''You are a rock star!''
The moderator at a Sherman Oaks, Calif., movie theater was paying homage to Catherine Hardwicke. The director had just stunned Twilight fans by appearing for a surprise Q&A after a sold-out screening of her movie last Saturday night. The audience screamed as if Zac Efron or Twilight's own Rob Pattinson, for that matter had just strode on stage and dropped his drawers. ''OMG, OMG,'' the girls stuttered, trying desperately to remember their questions. Hardwicke cheerfully navigated the swarm on the way to the stage, comparing their united passion to what it used to be like following the Grateful Dead on tour and proceeded to dazzle them. One 50-year-old woman asked the director what she thought it was about Pattinson's Edward that made women of all ages swoon. A Twilight mom in the audience shouted, ''He's gentlemanly and caring and unattainable and mysterious all at the same time!'' Hardwicke laughed and shrugged her shoulders. She said that when she brought her 70-year-old mother to the set she asked her mom if she'd like to meet Pattinson and his costar, Kristen Stewart. To which her mom promptly replied: ''Just Rob.''
The first movie to be adapted from Stephenie Meyer's breakout hit about the chaste romance between rebel vampire Edward and a shy high school girl named Bella left many, if not all, of the author's fans in a state of religious ecstasy. (The unconverted, though, most likely spent the weekend plugging their ears, willing themselves to their happy places where fangirls and vegetarian vampires never roam free.) Made for less than $40 million, Twilight far exceeded box office predictions, pulling in a dizzying $69.6 million over opening weekend. ''Up until this week, everyone was thinking this would be a one-quadrant movie,'' says a top female studio executive. ''The men in this industry are still chasing the young boys even after Sex and the City.''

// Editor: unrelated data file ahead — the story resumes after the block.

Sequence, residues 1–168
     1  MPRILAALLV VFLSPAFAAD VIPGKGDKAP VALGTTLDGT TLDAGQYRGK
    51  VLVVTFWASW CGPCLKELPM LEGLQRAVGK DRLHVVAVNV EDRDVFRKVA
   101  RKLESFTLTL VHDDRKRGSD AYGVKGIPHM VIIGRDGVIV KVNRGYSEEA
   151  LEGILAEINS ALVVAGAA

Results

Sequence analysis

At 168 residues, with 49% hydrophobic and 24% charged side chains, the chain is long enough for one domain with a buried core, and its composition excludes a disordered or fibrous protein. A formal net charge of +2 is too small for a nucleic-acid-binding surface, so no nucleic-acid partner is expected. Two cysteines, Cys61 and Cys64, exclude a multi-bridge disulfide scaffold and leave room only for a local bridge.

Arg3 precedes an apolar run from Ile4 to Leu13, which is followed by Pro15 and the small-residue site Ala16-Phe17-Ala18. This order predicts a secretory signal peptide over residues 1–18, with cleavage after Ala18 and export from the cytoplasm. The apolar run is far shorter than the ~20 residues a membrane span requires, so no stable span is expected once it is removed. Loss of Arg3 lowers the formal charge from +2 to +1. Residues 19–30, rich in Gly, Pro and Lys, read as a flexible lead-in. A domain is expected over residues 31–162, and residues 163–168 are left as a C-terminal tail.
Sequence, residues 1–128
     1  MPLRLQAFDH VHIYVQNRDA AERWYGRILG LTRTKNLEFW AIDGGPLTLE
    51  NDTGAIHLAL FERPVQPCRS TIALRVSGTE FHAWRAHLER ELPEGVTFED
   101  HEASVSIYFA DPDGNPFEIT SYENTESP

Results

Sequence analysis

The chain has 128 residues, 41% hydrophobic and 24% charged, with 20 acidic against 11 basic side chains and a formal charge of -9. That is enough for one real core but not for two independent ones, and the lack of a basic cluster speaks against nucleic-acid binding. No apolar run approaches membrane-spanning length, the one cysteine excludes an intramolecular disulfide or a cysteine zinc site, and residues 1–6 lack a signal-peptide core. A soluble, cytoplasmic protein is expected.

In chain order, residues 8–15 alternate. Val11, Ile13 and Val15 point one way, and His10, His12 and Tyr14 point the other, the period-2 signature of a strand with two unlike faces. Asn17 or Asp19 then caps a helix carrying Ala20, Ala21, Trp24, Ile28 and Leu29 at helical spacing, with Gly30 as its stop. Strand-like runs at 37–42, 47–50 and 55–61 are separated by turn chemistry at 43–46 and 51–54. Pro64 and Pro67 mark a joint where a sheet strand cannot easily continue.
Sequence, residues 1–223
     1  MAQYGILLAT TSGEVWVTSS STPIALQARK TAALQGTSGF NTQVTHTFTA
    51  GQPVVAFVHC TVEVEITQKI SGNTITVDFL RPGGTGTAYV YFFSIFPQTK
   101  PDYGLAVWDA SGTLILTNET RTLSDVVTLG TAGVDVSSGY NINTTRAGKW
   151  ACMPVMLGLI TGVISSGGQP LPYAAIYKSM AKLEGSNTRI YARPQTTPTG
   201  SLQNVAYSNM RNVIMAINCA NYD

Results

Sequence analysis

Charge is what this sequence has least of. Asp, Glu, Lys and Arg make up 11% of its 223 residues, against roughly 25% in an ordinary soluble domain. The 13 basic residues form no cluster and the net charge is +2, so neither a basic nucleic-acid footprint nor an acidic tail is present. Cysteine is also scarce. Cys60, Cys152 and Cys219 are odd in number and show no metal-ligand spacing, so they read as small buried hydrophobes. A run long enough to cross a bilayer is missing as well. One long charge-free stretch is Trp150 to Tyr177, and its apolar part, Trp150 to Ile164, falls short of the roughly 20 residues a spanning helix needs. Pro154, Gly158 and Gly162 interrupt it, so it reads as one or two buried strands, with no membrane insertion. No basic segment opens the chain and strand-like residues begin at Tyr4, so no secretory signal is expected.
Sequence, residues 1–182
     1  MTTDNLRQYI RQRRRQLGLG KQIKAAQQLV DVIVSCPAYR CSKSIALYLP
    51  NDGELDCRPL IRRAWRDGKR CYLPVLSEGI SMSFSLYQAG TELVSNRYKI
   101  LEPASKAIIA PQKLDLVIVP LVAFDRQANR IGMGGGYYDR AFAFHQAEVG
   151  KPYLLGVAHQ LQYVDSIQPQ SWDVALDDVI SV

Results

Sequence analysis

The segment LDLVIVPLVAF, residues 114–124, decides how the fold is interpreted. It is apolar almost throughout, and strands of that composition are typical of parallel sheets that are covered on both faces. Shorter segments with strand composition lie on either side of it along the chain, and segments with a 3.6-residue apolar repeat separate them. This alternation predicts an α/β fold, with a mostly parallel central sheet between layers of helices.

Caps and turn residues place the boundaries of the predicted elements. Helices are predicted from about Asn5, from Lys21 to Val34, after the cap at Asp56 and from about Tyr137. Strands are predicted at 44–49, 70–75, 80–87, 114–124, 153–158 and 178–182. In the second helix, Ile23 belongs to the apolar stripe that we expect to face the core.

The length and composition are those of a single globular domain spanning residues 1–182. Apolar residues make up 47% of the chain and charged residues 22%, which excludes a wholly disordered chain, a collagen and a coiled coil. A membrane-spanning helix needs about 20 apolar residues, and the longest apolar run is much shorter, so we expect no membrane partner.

As the weekend's receipts were tallied, Meyer nervously awaited news that the adaptation of her first book was a hit. ''There's that petty part of me that wants the movie to do really great so no one can say 'See, all this buildup for something stupid! Ha, what a flop!''' she'd told EW a few weeks earlier. Turns out her wish was her fans' command.
NEXT PAGE: ''If you look at the percentage of the trailer that focuses on action,'' Stephenie Meyer says with a laugh, ''it's not the same percentage in the movie.''